Your fight is not with the problems you can see—depression, a broken marriage, addiction, or financial troubles. These are just the symptoms, the true disease—the true battle—is against the devil and his armies. But the devil’s not afraid of mere humans like you and me. So how are we supposed to fight? More importantly, how are we supposed to win?
Warfare is a guide to fighting the battles that matter. In it, you’ll learn:
· to identify how spiritual warfare is impacting your soul, family, church, and culture.
· who the armies are and what role they play—God, angels, demons, and the devil
· how to use the arsenal of spiritual weapons God provides
· how to claim the victory God has already won.
When we fight the right battles with the right weapons, fear gives way to courage, futility gives way to purpose, and failure gives way to victory.
This is a revised edition of John Milbank's masterpiece, which
sketches the outline of a specifically theological social theory.
Christians disagree on doctrine, politics, church government, certain moral questions-just about everything under the sun, it can seem. Yet a unity remains, centered around a core outlook on God and the world that is common to all believers. Or at least, such an outlook should unite Christians of all theological and church backgrounds. However, alternate visions of reality often infect and corrupt Christians' thinking. In The Essentials of Christian Thought, eminent theologian and church historian Roger Olson outlines the basic perspective on the world that all Christians, regardless of the place and time in which they are born, have historically held. This underlying metaphysic accords with all orthodox theologies, whether Calvinist or Arminian, Roman Catholic, Eastern Orthodox, or Protestant, but it separates Christianity from other religious and secular perspectives. It is, quite simply, the essential requirement of a Christian view of the world. Bold and incisive, The Essentials of Christian Thought will prompt thoughtful readers and students to more consciously appropriate the core of their faith, guarding against ideas that subtly but necessarily invite compromise.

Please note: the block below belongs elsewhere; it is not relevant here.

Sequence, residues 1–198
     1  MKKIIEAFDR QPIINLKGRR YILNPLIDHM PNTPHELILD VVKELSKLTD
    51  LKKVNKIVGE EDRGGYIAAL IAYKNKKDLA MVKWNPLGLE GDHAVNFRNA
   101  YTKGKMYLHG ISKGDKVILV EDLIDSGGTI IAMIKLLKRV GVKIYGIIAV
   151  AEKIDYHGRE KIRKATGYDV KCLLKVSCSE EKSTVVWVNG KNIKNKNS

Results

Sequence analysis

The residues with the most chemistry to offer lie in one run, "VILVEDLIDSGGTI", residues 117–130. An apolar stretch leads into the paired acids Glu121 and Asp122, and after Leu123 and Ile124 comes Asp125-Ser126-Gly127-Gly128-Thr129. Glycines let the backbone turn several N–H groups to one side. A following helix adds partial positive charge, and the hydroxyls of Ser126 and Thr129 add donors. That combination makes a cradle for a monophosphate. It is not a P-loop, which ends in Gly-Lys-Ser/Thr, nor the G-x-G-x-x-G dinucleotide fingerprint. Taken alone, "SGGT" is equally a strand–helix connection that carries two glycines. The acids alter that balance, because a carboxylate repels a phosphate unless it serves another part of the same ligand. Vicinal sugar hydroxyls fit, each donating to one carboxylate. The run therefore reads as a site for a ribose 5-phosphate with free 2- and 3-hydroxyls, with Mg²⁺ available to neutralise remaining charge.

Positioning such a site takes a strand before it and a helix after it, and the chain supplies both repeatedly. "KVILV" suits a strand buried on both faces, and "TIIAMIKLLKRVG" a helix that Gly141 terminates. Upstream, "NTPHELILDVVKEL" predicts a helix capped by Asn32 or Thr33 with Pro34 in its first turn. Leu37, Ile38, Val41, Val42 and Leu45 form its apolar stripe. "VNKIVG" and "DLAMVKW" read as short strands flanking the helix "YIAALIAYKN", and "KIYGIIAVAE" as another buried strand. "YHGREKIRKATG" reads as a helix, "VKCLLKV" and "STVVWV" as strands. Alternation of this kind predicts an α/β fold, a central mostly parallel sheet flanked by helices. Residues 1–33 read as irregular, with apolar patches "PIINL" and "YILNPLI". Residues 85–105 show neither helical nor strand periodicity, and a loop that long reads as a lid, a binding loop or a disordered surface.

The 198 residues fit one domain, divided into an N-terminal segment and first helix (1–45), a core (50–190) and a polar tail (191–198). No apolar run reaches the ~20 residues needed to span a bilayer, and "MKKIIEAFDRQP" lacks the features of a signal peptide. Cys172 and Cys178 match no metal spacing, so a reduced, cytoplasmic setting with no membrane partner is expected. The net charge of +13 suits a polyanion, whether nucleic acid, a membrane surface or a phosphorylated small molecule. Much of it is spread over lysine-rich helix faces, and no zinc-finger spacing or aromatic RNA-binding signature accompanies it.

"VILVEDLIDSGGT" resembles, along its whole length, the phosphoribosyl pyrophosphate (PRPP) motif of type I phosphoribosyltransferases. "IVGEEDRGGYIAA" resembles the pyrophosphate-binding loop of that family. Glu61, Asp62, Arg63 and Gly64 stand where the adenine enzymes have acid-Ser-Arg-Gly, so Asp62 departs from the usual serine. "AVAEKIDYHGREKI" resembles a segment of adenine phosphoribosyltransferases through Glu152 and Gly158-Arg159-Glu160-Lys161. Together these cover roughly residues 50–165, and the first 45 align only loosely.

The 21st century has seen a renewed interest in cultivating positive character traits, or virtues, to foster personal growth. Humility is a virtue that has long been understood-especially by early theological thinking and Western philosophers-through its associations with meekness and servility. Even in more recent, secular contexts, humility is associated with low-mindedness, self-denigration, and even self-loathing. While it seems paradoxical that this virtue can be developed to achieve a sense of well-being, this volume provides a comprehensive exploration of humility as an admirable and desirable trait that allows us to place the needs of others before our own, keep our accomplishments in perspective, and fully realize our small place in the world. In a series of multidisciplinary essays spanning religious and secular traditions, this volume introduces readers to the many facets of humility. Essays explore perspectives from Christianity, Judaism, and Islam on the role of humility in determining how we should align ourselves with a higher spiritual power. Other essays examine the epistemic value of humility in the development of knowledge, and the applied nature of this virtue within the professional fields of politics, business management, nursing and hospice care, and competitive sports. This collection concludes by considering the possibility of humility as the most important virtue, foundational to the moral development and expression of all other virtues.